Smooth it outKwon Soon-won
*The author is a professor of business administration at Sookmyung Women’s University.
The business sector, nevertheless, is in shambles. Although the revised law was passed in March, many companies still have to adjust to the changes. The Ministry of Employment and Labor announced guidelines for the reduced workweek only three weeks before the July 1 deadlines.
The cutback is designed to address Korea’s notoriously long work hours. Before this new law, people could work a maximum of 68 hours because working on weekends was not counted as overtime. The law also addresses sectors where overwork is inevitable due to the nature of the jobs. Of 26 sectors including finance, telecommunication, restaurant, lodging and retail, only five — such as transportation and health care — were made exceptions to the new work hour guideline.
A pact of convenience between labor and management has also been blamed for long work hours in Korea. Korea Inc. is famous for rigidity in employment and layoffs. For instance, in times of high demand, companies increased work hours instead of hiring more. That saved labor costs for employers and increased wages for the workers. Such a system led to the concentration of work hours and high wages on a small number of workers and aggravated the disparities between large and smaller workplaces.
A workplace employing five or fewer workers has been exempted from the new workweek for now. The labor front worries about overwork for small companies. But according to statistics, workers at small businesses do not work overtime that much. A survey by the Ministry of Employment and Labor found that overtime at companies with five or fewer employees averaged one hour per month. To them, shorter work hours is a bigger problem than working overtime.
The new act is meant to strike a balance between work and life and promote the health and safety of workers. Employers may have to increase hiring to keep up production and services and help bolster jobs.
But in reality, that may be wishful thinking. Companies have several options to adjust to the shorter workweek. They either have to increase hiring to sustain productivity or replace human work with machines. Also, they can outsource or take their business overseas.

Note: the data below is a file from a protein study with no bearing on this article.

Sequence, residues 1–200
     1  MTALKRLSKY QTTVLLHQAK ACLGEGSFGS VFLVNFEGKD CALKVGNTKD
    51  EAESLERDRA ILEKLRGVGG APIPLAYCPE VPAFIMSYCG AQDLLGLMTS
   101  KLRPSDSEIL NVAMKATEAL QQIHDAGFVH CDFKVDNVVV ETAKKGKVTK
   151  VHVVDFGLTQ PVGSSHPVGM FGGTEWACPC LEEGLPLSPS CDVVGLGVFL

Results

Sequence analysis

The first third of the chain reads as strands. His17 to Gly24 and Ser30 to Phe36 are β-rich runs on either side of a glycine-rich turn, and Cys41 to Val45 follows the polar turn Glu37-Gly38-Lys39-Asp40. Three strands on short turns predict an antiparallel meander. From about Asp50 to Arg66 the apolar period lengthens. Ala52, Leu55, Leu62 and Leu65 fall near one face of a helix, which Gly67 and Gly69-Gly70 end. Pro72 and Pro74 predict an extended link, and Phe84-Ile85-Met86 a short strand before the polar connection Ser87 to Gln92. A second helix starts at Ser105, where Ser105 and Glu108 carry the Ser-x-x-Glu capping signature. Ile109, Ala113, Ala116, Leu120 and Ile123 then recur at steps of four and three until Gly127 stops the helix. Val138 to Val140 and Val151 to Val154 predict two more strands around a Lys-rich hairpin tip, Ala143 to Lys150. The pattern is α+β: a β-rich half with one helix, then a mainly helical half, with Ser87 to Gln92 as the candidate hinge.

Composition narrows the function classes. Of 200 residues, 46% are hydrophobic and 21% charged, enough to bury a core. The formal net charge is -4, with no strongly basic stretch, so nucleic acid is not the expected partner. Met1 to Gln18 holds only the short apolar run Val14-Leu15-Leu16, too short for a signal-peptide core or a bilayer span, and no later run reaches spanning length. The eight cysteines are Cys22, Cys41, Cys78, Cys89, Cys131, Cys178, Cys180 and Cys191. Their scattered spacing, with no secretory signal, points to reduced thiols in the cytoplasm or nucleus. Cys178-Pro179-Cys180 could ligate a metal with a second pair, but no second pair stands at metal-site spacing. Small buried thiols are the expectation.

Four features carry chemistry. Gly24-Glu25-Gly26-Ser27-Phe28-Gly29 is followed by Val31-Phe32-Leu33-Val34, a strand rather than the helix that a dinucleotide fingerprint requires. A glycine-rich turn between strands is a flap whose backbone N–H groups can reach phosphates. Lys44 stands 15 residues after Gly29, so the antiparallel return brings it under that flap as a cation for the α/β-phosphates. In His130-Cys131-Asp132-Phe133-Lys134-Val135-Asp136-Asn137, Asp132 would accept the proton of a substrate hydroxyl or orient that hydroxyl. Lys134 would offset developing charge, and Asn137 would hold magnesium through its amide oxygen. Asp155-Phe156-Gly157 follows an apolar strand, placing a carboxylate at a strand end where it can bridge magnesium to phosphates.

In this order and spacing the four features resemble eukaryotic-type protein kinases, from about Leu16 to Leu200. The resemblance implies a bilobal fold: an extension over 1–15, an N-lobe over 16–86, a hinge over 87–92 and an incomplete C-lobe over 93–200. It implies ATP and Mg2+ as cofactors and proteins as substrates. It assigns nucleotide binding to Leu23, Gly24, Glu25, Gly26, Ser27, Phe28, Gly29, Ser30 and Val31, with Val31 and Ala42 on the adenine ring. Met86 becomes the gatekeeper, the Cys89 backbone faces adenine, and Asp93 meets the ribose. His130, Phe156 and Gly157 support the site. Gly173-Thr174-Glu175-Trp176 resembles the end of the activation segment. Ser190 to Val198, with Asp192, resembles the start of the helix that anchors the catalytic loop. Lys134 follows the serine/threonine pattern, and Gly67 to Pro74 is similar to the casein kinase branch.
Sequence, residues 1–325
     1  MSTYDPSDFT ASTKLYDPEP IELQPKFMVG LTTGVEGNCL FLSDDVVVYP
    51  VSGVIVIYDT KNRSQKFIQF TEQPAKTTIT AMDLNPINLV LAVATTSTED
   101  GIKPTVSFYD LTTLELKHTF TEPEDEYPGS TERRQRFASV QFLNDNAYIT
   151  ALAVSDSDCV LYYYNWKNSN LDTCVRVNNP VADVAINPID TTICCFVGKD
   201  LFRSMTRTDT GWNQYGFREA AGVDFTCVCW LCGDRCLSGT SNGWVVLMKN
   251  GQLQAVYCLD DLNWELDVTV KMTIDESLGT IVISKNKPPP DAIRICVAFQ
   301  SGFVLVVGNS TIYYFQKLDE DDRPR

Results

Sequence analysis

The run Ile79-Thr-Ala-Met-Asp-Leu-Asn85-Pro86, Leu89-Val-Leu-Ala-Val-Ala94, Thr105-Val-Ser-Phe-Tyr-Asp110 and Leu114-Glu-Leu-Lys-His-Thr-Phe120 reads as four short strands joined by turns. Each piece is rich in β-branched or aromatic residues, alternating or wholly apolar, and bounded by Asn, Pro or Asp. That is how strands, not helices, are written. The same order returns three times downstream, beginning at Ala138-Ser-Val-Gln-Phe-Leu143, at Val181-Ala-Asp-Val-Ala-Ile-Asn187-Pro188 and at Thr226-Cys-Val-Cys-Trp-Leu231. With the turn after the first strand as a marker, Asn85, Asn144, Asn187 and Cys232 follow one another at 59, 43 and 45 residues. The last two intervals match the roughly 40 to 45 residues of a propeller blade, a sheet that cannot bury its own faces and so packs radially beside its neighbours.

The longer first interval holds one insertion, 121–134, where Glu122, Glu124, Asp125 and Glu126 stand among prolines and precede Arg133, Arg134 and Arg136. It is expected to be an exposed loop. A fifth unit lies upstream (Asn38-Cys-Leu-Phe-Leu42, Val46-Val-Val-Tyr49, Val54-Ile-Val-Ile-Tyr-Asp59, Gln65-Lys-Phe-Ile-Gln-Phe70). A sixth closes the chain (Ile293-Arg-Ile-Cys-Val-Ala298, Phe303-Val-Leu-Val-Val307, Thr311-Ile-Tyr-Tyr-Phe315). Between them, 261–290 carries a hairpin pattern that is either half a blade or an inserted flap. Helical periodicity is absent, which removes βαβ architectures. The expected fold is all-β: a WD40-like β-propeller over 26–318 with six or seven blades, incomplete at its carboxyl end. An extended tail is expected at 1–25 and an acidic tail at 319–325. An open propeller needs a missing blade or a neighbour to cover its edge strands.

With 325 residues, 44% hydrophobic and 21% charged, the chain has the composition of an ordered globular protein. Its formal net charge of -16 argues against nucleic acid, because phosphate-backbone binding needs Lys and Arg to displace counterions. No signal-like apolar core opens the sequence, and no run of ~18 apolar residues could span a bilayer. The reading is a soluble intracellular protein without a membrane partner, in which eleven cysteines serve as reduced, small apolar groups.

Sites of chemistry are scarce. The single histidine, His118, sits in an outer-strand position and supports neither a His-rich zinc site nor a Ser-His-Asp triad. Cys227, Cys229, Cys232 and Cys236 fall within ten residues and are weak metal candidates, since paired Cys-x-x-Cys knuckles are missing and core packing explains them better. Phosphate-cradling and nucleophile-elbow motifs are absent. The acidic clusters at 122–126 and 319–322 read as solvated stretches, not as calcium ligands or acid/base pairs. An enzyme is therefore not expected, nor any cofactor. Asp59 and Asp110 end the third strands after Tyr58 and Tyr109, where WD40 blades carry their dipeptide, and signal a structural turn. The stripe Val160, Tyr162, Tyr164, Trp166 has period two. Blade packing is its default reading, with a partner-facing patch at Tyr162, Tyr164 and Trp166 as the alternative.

Polarization between companies with and without unions may also worsen. Overtime in workplaces employing 300 or more workers averaged 13.3 hours per month, higher than the overall average of 9.2 hours. Management and unions in large companies could also strike a deal to keep up production even with shorter workweeks without cutting wages. In this case, workers would walk away with smaller paychecks due to reduced hours.
Changes are inevitable to correct the notorious work hours among Koreans. But more attention is needed to smooth the transition.
First of all, flextime must be expanded. The law should be revised to increase flextime to respond quickly to growth in demand overseas. The strict rule also must become more responsive to the changing labor environment. As the new law was primarily based on the manufacturing sector, it does not reflect rapid changes in the business environment and industrial structure. Many professions these days do not count on the absolute amount of work hours. Instead, they hinge on the quality of workers’ performance. The labor, management and government must come together and discuss the shortcomings in the new rule.
Meanwhile, employers must correct their unfair work schedule management. Employers made office workers work overtime without adequately rewarding them. The top-down corporate culture also kept employees at offices late. Self-correction in unjust legacies should be the true beginning of the changes in Korean workplaces.
JoongAng Ilbo, June 18, Page 29